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‘Culture of fear’ in fire department, firefighter says

A London firefighter said he’s been raising the alarm about a “culture of fear” within the city’s fire department for years, even taking complaints about workplace harassment to top city managers in recent months, according to emails obtained by The Free Press.

“Here we are, people that will run into burning buildings. But we’re scared of being taken to the principal’s office,” the firefighter said, citing heavy-handed disciplinary tactics and reprisals for those who speak out. The Free Press agreed not to identify him because he fears further repercussions for speaking out.

Claims of workplace harassment at city hall erupted Monday night, just hours after council spent two hours behind closed doors at a rare special council meeting. Politicians met to discuss a “personal matter” regarding “identifiable individuals” but did not report any further information in public session.

Just after 5 p.m., the city issued a statement from city manager Martin Hayward outlining the corporation’s commitment to a safe work environment free of harassment, and urging anyone who has witnessed or experienced harassment to come forward.

In an interview Monday night, Hayward said he’s not aware of a systemic harassment problem – as charged by a local activist – in the city’s workforce.

“We do have an obligation to undertake appropriate investigations,” he said, adding he can’t speak to specific cases because of the need to keep those involved confidential.

“We can’t go into the details of things because everybody needs to be protected from a privacy point of view.”

Megan Walker, executive director of the London Abused Women’s Centre, said she’s supporting more than two dozen city employees who say they’ve been harassed or bullied for speaking out on behalf of colleagues. She confirmed that many of the complaints stem from the fire department but problems exist in many city departments.

The firefighter who spoke to The Free Press said he was suddenly called in for disciplinary meetings after many years with a spotless record – a reaction he believes is punishment for flagging problems in the department.

The employee described his co-workers as “demoralized and fearful” in an email sent to city manager Martin Hayward in November.

One London city hall department source of most harassment complaints: Activist
“Not only does this make for a poor working environment it makes for an extremely dangerous emergency scene,” he wrote. “Everyone, and I know that’s very inclusive wording, that I have had contact with has expressed both their fears and concerns to me.”

Fire captains are worried they’ll be punished for making the wrong call at a crucial moment when fighting a fire, he told The Free Press.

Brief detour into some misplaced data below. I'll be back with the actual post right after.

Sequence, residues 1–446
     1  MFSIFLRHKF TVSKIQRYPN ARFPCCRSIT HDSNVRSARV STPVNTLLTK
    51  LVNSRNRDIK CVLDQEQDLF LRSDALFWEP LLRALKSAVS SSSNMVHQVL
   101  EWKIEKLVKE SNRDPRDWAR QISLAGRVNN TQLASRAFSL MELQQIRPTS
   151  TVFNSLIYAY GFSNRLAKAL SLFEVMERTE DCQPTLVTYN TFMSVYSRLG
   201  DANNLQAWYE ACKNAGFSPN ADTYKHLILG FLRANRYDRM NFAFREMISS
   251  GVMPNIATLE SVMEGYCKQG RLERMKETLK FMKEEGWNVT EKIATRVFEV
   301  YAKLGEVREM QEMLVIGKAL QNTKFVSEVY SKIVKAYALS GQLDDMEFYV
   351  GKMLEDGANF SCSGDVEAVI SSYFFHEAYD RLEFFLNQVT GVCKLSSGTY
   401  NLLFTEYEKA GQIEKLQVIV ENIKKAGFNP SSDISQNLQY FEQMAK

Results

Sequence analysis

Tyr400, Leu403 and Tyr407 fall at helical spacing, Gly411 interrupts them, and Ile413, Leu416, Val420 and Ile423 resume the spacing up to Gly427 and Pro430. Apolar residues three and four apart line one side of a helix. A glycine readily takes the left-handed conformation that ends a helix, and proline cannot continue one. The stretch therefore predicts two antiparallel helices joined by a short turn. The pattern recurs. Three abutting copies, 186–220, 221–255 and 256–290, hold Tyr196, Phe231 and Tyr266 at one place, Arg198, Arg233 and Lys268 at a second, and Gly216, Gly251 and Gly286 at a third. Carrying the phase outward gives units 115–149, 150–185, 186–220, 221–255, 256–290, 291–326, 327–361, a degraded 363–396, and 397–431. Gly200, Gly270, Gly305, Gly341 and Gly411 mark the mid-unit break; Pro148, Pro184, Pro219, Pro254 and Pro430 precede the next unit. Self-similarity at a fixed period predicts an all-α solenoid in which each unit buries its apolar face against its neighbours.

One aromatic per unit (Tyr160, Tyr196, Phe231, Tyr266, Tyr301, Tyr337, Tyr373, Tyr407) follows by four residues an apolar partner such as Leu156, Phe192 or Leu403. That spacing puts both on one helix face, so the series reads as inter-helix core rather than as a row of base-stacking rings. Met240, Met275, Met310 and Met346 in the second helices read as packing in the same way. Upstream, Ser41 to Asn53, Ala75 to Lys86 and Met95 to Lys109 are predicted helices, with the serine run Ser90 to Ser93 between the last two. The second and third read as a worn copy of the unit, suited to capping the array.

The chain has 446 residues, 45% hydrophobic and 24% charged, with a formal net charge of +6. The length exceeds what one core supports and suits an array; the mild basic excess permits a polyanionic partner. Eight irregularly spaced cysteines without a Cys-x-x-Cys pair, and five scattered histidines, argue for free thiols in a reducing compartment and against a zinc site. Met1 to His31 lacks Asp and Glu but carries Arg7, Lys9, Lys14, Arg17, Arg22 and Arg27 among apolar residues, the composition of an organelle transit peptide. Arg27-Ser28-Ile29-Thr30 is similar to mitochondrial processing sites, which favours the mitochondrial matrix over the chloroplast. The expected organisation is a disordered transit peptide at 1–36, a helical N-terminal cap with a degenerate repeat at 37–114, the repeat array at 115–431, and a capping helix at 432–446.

Some drivers are hesitant to pull out of the fire hall in an emergency after two drivers were called into meetings with superiors because they clipped mirrors on their trucks on their way to a scene, the firefighter said.

In 2016, an investigation was triggered against London deputy fire chief Brian McLaughlin, who allegedly made a comment about a female employee’s breasts.

Though under the purview of city hall, the London fire department is somewhat distinct from the seat of government, with its own sites and administration.

City councillors were tight-lipped Tuesday about claims of widespread harassment at city hall.

But Coun. Maureen Cassidy came to the defence of city administration, saying she is sensitive to issues of harassment in the workplace and does not believe there is an ongoing issue at city hall.

“I spend a lot of time at city hall, I like to work there and honestly I have not noticed that kind of atmosphere,” she said.

“To say there are things going on and a toxic environment, I have not seen evidence of it.”

She was also reassured the workplace unions had little comment on the allegation.

“I am not obtuse about this. There was definitely an atmosphere there when there was a strike. There was a problem in human resources last year and there have been major changes in that department. But things have quieted down.”

Cassidy added that there is always room for improvement, and said she’s confident city council will make additional revisions to corporate harassment policies if necessary.

“We’re not afraid to tear something down to the bare bones and build it up again,” she said of city policies and procedures.

-with files from Free Press reporter Norman DeBono

Source: ‘Culture of fear’ in fire department, firefighter says | The London Free Press